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Academics

Spring /
Summer 2010

Spring /
Summer 2010

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The second issue of The Confluence. A regional studies journal published by Lindenwood University Press.

 

From the Editor

This summer will mark the 200th anniversary of the birth of one of America’s best-known figures: Phineas Taylor Barnum (1810-1892). Born in Bethel, Connecticut, he was at various times a Jacksonian newspaper editor, traveling show operator, owner of Barnum’s American Museum in New York, promoter of Jenny Lind (“the Swedish Nightingale”) and the diminutive General Tom Thumb, local politician, temperance lecturer (and recovering alcoholic), proprietor of circuses, and unashamed creator of “The Great Show on Earth.” It was a breathless life.

It’s easy to dismiss Barnum as little more than a showman (a title he held with pride) notorious for bogus acts, flummery, gross exaggeration, and preposterous claims. Barnum is, after all, the man who brought us the Feegee Mermaid and centenarian slave Joice Heth (alleged nursemaid to a young George Washington—in the 1730s), bearded ladies, and dog-faced boys. But there’s much more to Barnum than meets the eye. He is an emblem of the nineteenth century in many ways. He ranked among the great business innovators, marketing geniuses, philanthropists, lecturers, and even writers. In the end, Barnum is also an admirable figure.

P. T. Barnum was more than the windbag we think of. Barnum was profoundly interested in the exchange of ideas. His museum in New York, which made him a household name before ever entering the circus business, offered artifacts reflecting his interest in archeology, politics, art, ethnography, anthropology, and history. He sponsored the expedition to capture—and then display—the first live beluga whales ever seen. He brought the first live hippopotamus to America and purchased Jumbo the elephant from the London Zoo. He attended salons in New York and filled his theater with lecturers. He wrote prolifically about everything from animal species to Universalism to temperance to democracy.

But Barnum is also an inspiration for this publication. We are also in the business of connecting ideas and people. Like Barnum, we want to start those conversations in and about the region— conversations between disciplines and people, academic and popular, east and west, town and gown. The articles in our pages are, we hope, the start of the great conversation that creates a new mix of thinking and ideas. We hope they provoke conversations at the proverbial dinner tables and water coolers. You may agree or not, pursue the topic further, look something up, or merely say “who knew?”, but we hope we stimulate what Agatha Christie’s Poirot called “the little grey cells.” It is, after all, what liberal arts universities are supposed to do.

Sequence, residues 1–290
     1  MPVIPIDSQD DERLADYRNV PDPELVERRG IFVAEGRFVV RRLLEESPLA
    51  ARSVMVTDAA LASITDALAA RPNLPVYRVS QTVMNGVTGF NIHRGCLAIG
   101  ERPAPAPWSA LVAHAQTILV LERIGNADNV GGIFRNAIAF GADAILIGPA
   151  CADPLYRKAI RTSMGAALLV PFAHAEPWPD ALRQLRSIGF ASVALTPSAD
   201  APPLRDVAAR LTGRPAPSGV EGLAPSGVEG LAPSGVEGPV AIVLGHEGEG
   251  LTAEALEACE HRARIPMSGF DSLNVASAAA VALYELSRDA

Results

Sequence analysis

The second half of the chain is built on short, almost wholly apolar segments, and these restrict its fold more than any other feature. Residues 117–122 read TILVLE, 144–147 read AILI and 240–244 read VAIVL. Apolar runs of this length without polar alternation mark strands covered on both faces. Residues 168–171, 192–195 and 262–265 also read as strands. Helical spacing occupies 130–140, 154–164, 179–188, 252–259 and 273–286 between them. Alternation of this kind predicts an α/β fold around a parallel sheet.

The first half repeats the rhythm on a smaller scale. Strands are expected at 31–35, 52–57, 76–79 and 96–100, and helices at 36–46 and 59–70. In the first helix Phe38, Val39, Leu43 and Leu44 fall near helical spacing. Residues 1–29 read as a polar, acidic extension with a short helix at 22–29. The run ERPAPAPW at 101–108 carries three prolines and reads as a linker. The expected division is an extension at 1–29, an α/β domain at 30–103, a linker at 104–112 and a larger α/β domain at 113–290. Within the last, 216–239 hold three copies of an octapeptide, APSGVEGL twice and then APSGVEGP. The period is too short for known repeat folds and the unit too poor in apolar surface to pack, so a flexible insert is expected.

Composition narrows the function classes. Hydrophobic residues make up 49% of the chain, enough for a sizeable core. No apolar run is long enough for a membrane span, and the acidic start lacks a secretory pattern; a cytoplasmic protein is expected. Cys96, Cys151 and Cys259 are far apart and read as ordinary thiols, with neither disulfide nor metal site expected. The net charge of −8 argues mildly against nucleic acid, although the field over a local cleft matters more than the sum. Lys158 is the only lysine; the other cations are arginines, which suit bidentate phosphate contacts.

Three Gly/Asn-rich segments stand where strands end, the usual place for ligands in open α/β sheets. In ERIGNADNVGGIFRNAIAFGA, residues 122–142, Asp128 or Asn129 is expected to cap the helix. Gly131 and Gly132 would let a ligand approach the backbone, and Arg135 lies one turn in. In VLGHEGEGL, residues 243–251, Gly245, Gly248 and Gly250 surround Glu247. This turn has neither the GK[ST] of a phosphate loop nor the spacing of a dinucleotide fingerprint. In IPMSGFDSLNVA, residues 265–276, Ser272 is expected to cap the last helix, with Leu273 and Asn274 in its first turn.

Oh, and one last thing. Barnum is the one credited for saying, “There’s a sucker born every minute.” Barnum’s leading biographer says that he almost certainly didn’t say it. It is out of character, I think. Barnum had a great faith in people and the American mind. He figured that when Americans came to see either one of his legitimate shows or his “humbugs,” they would try to figure out how he did it. People who attended his museum were, he thought, innately curious, so he featured animals and new machines and skeletons. He held a Jacksonian belief in the basic ability of people themselves. Like this journal, he was dedicated to the notion that we are truly inquiring minds, and really do want to know.

Jeffrey Smith, PhD
Editor

 

Articles

America’s First Interstate: The National Road and its Reach Toward St. Clair County, Illinois

The National Road was to span from Maryland to the Mississippi River, but never made it—in part due to a political battle over the location of the new Illinois state capital in the 1830s.

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Cash for Clunkers: Did It Work or Not?

The Consumer Assistance to Recycle and Save Act of 2009 (CARS) was supposed to stimulate the American economy with incentives to trade in old gas-guzzling cars for new, more efficient ones. Three economists examine the impact of this program that came to be called “Cash for Clunkers” on the St. Charles County, Missouri, economy.

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The Journey of the Sisters of Charity to St. Louis, 1828

In 1828, four Sisters of Charity left Maryland to establish a new mission in the frontier city of St. Louis. For the first time, herein is the diary of one of the travelers in this remarkable and dangerous journey.

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How Natural is Nature? The Effect of Burning on Presettlement Vegetation in West-Central Illinois

When the first Euroamericans arrived in North America, they thought they were seeing a “wilderness,” unaltered by human hands. However, they were actually seeing highly managed environments. Kilburn and Brugam examine the impact of the burning of forests and prairies by Native Americans on the plant species in west-central Illinois.

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St. Louis: Air Mail Pioneer

In the decades after the Wright Brothers launched their first plane at Kitty Hawk, St. Louis was an aviation hub. Within a decade after that flight, the first airmail left Kinloch Fielin St. Louis, with people sending what they knew were historic letters.

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Beyond the Classroom